THIS week’s casualty is undoubtedly Zwelinzima Vavi. For the past two weeks the Cosatu secretary-general has been in the limelight for all the wrong reasons.
Report by Sukoluhle Nyathi
It all began two weeks ago when Vavi’s sex scandal was splashed onto front pages of Sunday newspapers with head-turning headlines.
The plot thickened as the 26-year-old woman, a subordinate, threw rape allegations into the mix.
You need to live in South Africa to understand the enormity of the rape problem. Estimations are that in every four minutes a woman is raped. Inferences have been drawn that at least 40% of women will be raped in their lifetime.
The rape element immediately evoked the memory of President Jacob Zuma’s high-profile 2006 rape case. Thoughts of political espionage and sabotage quickly began to take root in peoples’ minds.
However, these were quickly dismissed as the woman in question withdrew rape allegations and agreed it was consensual sex between two married consenting adults. A rather public apology was made by Vavi followed by a more revealing confession on his adultery on Carte Blanche.
At face value there is nothing new here. All of us are aware of the so called “red carpet” interviews. For the more naïve among us; this is where an employer hires a candidate based on coital abilities as opposed to academic credentials or skills relevant to the job. All of us know of and others have been involved in illicit encounters in office premises.
Then off course there are those who have been unfortunate enough to have been filmed in the act. I lose count of the number of South African Police (SAP) officers who have been caught with their pants down in compromising positions.
Police aside, the office environment has become the breeding ground for the most dangerous sexual liaisons. Yet here we are; shocked and outraged at the Vavi incident. Why is this so? Well the simple answer is because he is a public figure who occupies a high public office. When one occupies a public office with such bearing and authority, there are many responsibilities that come with it.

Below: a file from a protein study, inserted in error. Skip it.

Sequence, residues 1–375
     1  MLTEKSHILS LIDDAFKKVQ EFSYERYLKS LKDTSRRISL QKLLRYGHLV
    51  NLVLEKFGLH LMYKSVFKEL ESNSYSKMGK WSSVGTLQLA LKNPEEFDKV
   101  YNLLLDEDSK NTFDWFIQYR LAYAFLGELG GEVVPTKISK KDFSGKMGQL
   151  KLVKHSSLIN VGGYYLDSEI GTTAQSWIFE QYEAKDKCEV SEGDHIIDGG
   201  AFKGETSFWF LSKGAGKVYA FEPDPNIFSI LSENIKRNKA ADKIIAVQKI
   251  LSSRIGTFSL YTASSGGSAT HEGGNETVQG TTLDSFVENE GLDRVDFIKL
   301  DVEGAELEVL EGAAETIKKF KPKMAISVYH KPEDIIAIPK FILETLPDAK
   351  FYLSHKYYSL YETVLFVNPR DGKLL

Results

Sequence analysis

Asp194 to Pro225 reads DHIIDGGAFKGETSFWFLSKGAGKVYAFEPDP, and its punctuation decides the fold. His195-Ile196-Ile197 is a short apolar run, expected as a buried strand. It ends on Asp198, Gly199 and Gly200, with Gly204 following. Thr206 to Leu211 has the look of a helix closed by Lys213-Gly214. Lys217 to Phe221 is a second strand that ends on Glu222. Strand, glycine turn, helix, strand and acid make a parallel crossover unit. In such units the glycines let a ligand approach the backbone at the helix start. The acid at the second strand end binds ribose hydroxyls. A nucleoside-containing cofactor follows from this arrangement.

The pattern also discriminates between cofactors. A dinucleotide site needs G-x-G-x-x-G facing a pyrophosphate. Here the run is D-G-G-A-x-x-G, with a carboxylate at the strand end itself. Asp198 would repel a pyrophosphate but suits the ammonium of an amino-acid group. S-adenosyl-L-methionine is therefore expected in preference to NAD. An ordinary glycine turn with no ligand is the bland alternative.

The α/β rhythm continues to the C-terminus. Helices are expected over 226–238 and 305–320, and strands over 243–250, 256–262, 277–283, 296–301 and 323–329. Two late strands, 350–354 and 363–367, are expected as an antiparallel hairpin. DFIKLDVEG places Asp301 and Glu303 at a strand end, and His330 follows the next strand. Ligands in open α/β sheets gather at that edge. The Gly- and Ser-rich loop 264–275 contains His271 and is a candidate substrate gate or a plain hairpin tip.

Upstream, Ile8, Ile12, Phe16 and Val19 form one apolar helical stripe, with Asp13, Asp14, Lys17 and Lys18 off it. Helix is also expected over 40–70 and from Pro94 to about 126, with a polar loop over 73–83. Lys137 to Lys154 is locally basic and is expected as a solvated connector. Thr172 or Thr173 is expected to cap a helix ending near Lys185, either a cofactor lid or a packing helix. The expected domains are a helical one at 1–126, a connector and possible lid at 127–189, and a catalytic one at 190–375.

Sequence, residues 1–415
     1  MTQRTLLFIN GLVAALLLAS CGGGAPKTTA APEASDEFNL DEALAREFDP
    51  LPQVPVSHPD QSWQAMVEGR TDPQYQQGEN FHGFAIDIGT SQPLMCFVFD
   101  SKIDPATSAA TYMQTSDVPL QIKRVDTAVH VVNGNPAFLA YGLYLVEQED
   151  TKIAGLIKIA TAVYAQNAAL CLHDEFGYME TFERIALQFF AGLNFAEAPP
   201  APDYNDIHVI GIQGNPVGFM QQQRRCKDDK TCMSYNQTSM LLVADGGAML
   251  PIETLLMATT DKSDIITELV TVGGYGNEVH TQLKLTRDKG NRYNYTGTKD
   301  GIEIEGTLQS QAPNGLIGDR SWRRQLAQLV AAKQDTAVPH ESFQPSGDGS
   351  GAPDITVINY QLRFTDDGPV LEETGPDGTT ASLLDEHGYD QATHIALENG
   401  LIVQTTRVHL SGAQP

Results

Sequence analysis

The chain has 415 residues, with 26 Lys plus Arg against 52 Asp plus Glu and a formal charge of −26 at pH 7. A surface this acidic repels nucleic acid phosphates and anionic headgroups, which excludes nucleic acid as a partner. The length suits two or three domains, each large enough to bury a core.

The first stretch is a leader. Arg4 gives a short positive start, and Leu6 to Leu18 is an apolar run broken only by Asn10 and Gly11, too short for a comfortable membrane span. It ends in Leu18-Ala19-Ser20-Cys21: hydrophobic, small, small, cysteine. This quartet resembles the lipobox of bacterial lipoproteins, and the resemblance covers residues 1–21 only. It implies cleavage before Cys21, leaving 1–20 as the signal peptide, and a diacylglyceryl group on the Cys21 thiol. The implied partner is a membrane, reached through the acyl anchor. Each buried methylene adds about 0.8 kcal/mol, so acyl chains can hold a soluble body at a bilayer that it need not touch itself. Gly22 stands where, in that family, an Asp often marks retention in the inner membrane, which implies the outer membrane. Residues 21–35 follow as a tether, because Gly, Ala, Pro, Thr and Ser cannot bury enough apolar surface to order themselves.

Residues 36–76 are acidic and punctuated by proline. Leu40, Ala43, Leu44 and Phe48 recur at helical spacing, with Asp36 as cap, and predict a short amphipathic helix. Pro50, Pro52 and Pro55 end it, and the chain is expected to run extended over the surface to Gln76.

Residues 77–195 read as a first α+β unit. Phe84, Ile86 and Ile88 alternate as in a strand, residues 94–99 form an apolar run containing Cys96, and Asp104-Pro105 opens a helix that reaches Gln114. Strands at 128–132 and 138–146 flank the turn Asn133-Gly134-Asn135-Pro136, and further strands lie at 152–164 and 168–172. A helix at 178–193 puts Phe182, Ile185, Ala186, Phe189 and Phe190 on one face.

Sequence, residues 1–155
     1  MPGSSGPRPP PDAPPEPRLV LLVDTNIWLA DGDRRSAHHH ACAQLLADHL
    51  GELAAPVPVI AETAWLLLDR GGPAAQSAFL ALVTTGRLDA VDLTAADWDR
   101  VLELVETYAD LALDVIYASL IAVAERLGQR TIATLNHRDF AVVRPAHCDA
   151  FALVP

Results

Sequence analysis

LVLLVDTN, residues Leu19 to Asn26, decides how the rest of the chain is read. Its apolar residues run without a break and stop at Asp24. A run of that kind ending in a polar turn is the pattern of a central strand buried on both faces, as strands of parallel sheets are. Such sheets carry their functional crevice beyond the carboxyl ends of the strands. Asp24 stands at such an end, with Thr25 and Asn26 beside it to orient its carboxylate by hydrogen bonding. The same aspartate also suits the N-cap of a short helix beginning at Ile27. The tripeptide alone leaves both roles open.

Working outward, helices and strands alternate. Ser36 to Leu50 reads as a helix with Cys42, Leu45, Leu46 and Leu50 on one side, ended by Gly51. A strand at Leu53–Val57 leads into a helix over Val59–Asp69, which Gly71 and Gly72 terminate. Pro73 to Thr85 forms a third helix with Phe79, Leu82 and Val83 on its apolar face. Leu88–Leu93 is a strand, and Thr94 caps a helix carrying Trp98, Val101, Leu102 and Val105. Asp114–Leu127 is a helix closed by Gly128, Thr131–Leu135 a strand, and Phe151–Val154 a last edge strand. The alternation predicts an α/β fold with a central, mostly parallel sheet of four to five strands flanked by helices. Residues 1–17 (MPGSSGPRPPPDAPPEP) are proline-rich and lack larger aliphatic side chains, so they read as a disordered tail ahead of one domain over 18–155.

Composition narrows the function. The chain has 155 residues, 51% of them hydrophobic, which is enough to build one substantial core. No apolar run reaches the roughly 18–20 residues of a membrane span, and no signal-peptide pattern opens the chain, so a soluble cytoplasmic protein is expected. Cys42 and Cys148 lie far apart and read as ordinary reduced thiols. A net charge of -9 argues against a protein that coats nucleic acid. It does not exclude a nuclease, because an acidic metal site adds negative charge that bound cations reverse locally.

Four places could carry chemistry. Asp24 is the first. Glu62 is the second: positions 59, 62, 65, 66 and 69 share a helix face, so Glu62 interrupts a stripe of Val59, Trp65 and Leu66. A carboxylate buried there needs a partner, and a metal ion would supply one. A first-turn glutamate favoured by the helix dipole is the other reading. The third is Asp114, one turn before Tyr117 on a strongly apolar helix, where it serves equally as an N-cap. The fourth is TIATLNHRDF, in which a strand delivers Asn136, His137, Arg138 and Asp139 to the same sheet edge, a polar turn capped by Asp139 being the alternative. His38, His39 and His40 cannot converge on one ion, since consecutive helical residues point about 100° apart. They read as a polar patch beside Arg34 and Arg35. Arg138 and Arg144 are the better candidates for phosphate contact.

One is being a moral compass and ethical beam to the public realm in which one plays.
Vavi is a man of humble origins born on December 20th 1962 in a small village in the Northern Cape. He was a mere farm labourer who later found employment in the mining industry and this is how he ended up as a member of the National Union of Mine Workers. The turning point came when he was fired from AngloGold in 1987 after a massive strike.
It was during this time that he joined the Cosatu and literally rose through the ranks. He assumed the position of secretary-general in 1999. Vavi has undoubtedly been the militant voice of the working classes and civic society.
He is greatly admired in some circles and despised in others. However, all will agree that this transgression puts a blemish on his otherwise squeaky clean reputation.
As an ardent campaigner against HIV, that picture of him publicly taking an HIV test and then going on to have unprotected sex is deeply compromised.
There is a thin line between public life and private life for those in public office. Those sometimes careless decisions made in private dark moments can often have a detrimental bearing on their public role. Rewind to 2011 when Fikile Mbalula, Sports minister, was embroiled in a sex scandal with a 27-year-old model.
What made the condemnation more compelling was that Mbalula had made a persuasive speech on fidelity on Worlds Aids Day only to impregnate a 27-year-old girl outside of his marriage.
Even Bill Clinton (American) during his tenure as President almost blighted his political achievements with his extra marital affair with the 22-year-old White House intern, Monica Lewinsky.
However, even the unmarried cannot escape unscathed.
Remember how former Prime Minister Morgan Tsvangirai’s rather colourful love life was painted all over town and used to discredit his personality and credibility to lead the country?
Yet at the time he was also single and searching? Yes, everyone is human. We all have a lapse in judgment. However, when one is in the public sphere the judgment on private conduct is harsher.
As I write there are people baying for Vavi’s blood calling him to resign. So, as much as we like to declare that a public figure has a right to their privacy and a private life, it is essential to ensure that their private life does not destroy their public persona.
It takes years to build a name and a sound reputation, but in days one can fall from grace into disgrace.
Sukoluhle Nyathi is the author of the novel The Polygamist. You can follow her @SueNyathi